The amount and time that you work changes as you progress through the career. Also, what you work on changes as you continue to work in the career. Early in your career, assistant professors are going to working on writing papers and researching, however as you become a Full Professor, you are going to be doing more service and out-reach work.   Some people think that you might work less as a full professor than an assistant professor. This might be true for some people, but you have to think about the people that become full professors are there because they enjoy doing research (there is a strong selection effect in this career), unless their schedule is unlikely to change. Indeed, you get tenure and you become a Full Professor because other people believe that you will continue on researching in your area.  

Is an assistant professor full time?

  Yes, it is full-time, and it simply means that you did not get tenure yet. It does not mean that you are an assistant to the professor, which is sometimes confusing. 🙂 Once you get tenure you become an associate professor. The main job of an assistant professor is to do research, rather than teach or do service. These other jobs are for when you get tenure. If you want to read how to write a research paper, or what it takes to write a research journal article, I created a guide to write a journal article here.  

How much free time do professors have?

  Professors have as much free time as you a lot yourself for.  The best possible way to think about being a professor has to think of being a freelancer or entrepreneur. You build your career as you continue with the profession, in the things you do now have an impact on the things that you get back in 10 years. Thus, if attending Sunday service is particularly important to you, you will make time to attend that service. You build  what you want to do and how you want to do it, just so as long as you continue to do research and interact with other academics.   If you want to stay at the top of the game, you have to make your free time research-oriented. In other words, you try to do tasks that are fun but also help you become more research productive in your free-time. For example, if you have kids or a spouse, and you know you’re not going to have time to spend with them during the week because you are writing a paper, you spend some time with your kids on the weekend or the evening so they will understand when you devote time to your research.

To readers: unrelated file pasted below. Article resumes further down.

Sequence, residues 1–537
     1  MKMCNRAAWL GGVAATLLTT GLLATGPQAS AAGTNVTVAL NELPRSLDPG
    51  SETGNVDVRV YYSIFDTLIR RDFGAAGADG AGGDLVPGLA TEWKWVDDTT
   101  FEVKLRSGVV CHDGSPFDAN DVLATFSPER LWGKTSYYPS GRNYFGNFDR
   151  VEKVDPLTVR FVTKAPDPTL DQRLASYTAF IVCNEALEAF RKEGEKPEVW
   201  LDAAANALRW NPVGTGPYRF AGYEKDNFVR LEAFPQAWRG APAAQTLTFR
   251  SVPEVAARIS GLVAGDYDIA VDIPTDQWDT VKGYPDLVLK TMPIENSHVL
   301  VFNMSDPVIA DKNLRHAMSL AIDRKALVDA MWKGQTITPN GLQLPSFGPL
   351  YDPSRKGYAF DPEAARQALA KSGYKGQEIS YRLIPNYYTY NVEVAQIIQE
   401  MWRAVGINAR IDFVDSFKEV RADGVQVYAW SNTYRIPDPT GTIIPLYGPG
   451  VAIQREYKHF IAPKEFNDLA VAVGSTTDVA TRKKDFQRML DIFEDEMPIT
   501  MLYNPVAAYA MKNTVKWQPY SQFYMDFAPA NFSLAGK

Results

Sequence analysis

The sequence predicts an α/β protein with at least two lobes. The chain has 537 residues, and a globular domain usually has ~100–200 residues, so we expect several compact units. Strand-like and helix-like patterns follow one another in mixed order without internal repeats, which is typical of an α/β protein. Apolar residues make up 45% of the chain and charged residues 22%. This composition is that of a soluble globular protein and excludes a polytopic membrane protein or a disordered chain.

Do these professor work-hours create burnout?

  Professors do you get burn out,  but from what I know from burnout research is that burnout is more of a symptom of not feeling like you’re getting traction and not feeling like you are part of a community, rather than the work hours that you keep. This is why it is so incredibly important to ensure that you make time for yourself and to ensure that you have a life.  The amount of traction you get cannot be manipulated very quickly, as it depends on the domain and task environment that you are in as a professor.   However, each and every time that I start feeling burnout or stress is because I start feeling disconnected from The Real World. Doing things like this r3ciprocity project,  hanging out with friends and family, and exercising keeps me going as a professor. As long as I’m participating in real life, I tend not to feel burnout. You should aim to try to stay connected and to keep  track of the progress you’re making.   In summary, I hope I answered as many questions about the schedule of a professor and how many hours you actually work as a professor. I know that this answer is a little bit squishy, but the career is squishy as you yourself are creating what you want to do for the rest of your life. If want to learn more about what it is like to be a professor or if you are thinking of getting your PhD, you should read these blog posts that I wrote:
  1. How do you actually become a Business Professor?
  2. Excellent tips for writing a PhD applying to a PhD Program that you really need to read.
  3. Here are some pros and cons of getting your Executive Doctorate as opposed to your PhD in Business.
  4. How long does it actually take to get your Doctorate in Business to become a professor?

Five Frustrating PhD Questions To (Never) Ask A PhD.

Five Frustrating PhD Questions To (Never) Ask A PhD.

Imagine the scene. You find out your friend/ relative/ the stranger you met three minutes ago is working on their PhD. And you gave up on academia after completing your hard-earned bachelor’s degree so the world of graduate school is still shrouded in mystery, and is still a pretty huge deal.

But you should wait before launching into your questions. Others have been here before you and they’ve made mistakes. For the sake of the real-life PhD in front of you read on and get a crash course in the five frustrating questions you really shouldn’t be asking pursuing their PhD as well as some good alternatives to keep the conversation flowing.